Header

UZH-Logo

Maintenance Infos

Changing dimensions of cultural consumption? Social space and space of lifestyles in Switzerland from 1976 to 2013


Weingartner, Sebastian; Rössel, Jörg (2019). Changing dimensions of cultural consumption? Social space and space of lifestyles in Switzerland from 1976 to 2013. Poetics, 74:101345.

Abstract

In the present study we trace transformations of the Swiss space of lifestyles during the past four decades. The sociological discussion suggests that lifestyle practices were once structured by a highbrow-lowbrow distinction, whereas today cultural omnivorism, eclecticism, broad engagement, or cosmopolitanism should be prevalent. Furthermore, Bourdieu’s homology thesis claims that cultural consumption is closely linked with class structures, which is contested by recent individualisation arguments. So, we ask two questions here: First, what are the main axes of the Swiss space of lifestyles and how do they develop over time? Second, how does the association between the space of lifestyles and the space of social positions evolve over time? We find that cultural practices in Switzerland are primarily structured by a dimension differentiating between engagement in a wide range of activities and disengagement, followed, secondly, by a highbrow-popular distinction. Accordingly, we identify an “inactive”, an “intense highbrow” and a “moderate eclectic” consumption pattern. Although this configuration is quite stable over time, structural correlates of lifestyles are changing. Most importantly, indicators of vertical social position like education or occupational status are correlated with broad cultural engagement today, whereas they have been correlated with highbrow activities in the 1970s. Instead, age emerged as the main structuring factor of highbrow-popular disparities.

Abstract

In the present study we trace transformations of the Swiss space of lifestyles during the past four decades. The sociological discussion suggests that lifestyle practices were once structured by a highbrow-lowbrow distinction, whereas today cultural omnivorism, eclecticism, broad engagement, or cosmopolitanism should be prevalent. Furthermore, Bourdieu’s homology thesis claims that cultural consumption is closely linked with class structures, which is contested by recent individualisation arguments. So, we ask two questions here: First, what are the main axes of the Swiss space of lifestyles and how do they develop over time? Second, how does the association between the space of lifestyles and the space of social positions evolve over time? We find that cultural practices in Switzerland are primarily structured by a dimension differentiating between engagement in a wide range of activities and disengagement, followed, secondly, by a highbrow-popular distinction. Accordingly, we identify an “inactive”, an “intense highbrow” and a “moderate eclectic” consumption pattern. Although this configuration is quite stable over time, structural correlates of lifestyles are changing. Most importantly, indicators of vertical social position like education or occupational status are correlated with broad cultural engagement today, whereas they have been correlated with highbrow activities in the 1970s. Instead, age emerged as the main structuring factor of highbrow-popular disparities.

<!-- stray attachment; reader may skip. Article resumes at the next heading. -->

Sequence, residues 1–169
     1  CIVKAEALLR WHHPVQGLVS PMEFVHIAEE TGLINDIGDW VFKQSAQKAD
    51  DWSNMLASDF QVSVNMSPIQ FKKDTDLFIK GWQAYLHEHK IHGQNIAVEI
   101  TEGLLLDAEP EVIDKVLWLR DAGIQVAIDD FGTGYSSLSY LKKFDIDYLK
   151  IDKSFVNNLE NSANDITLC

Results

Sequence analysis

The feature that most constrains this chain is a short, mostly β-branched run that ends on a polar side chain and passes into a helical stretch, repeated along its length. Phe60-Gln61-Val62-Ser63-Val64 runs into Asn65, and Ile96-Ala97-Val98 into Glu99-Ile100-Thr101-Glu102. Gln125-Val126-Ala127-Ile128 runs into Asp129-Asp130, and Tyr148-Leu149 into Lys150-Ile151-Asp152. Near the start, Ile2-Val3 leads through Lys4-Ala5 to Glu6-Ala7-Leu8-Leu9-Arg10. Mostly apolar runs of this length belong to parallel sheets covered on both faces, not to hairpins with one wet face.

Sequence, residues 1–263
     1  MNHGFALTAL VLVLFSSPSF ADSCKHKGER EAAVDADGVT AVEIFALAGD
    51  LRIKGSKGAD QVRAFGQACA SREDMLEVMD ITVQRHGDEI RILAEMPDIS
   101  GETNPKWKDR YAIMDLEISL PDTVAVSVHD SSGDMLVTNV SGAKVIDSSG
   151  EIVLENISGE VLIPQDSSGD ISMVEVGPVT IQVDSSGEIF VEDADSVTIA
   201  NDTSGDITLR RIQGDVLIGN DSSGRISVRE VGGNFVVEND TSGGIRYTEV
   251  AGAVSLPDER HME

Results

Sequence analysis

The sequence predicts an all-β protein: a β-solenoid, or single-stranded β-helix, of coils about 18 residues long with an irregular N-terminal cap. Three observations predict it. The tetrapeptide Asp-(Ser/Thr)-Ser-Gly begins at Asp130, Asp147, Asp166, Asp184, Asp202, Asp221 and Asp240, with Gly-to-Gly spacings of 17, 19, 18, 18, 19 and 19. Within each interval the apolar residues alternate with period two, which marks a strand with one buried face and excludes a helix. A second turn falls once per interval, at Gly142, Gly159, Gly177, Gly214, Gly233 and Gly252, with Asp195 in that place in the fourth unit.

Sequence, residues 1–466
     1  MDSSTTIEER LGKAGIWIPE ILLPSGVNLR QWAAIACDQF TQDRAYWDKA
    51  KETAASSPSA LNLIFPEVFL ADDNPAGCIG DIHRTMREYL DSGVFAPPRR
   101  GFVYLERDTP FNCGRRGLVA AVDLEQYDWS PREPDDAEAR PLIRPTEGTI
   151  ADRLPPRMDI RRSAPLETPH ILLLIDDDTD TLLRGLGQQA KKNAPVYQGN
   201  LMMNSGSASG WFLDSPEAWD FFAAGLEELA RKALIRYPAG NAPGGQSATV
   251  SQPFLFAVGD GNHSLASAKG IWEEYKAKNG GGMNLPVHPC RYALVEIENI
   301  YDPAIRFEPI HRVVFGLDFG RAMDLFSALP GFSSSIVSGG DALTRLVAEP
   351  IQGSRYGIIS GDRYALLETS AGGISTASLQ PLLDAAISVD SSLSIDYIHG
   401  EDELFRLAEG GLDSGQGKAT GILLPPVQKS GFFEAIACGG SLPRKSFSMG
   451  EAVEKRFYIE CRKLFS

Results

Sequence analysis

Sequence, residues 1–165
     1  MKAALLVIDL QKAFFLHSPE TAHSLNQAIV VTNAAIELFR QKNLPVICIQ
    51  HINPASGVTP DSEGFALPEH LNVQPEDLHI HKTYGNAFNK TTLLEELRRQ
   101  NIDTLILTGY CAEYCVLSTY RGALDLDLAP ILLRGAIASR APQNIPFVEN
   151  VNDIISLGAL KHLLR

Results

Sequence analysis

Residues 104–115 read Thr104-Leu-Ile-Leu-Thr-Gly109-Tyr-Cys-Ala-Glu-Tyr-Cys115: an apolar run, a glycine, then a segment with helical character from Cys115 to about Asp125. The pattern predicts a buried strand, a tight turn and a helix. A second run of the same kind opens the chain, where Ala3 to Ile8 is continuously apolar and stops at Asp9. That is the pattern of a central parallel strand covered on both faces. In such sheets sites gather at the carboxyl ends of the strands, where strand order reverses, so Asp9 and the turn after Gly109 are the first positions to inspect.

Statistics

Citations

Dimensions.ai Metrics
1 citation in Web of Science®
1 citation in Scopus®
Google Scholar™

Altmetrics

Downloads

2 downloads since deposited on 17 Jun 2019
2 downloads since 12 months
Detailed statistics

Additional indexing

Item Type:Journal Article, refereed, original work
Communities & Collections:06 Faculty of Arts > Institute of Sociology
Dewey Decimal Classification:300 Social sciences, sociology & anthropology
Language:English
Date:1 June 2019
Deposited On:17 Jun 2019 09:21
Last Modified:21 Jun 2019 01:04
Publisher:Elsevier
ISSN:0304-422X
OA Status:Closed
Publisher DOI:https://doi.org/10.1016/j.poetic.2019.01.001

Download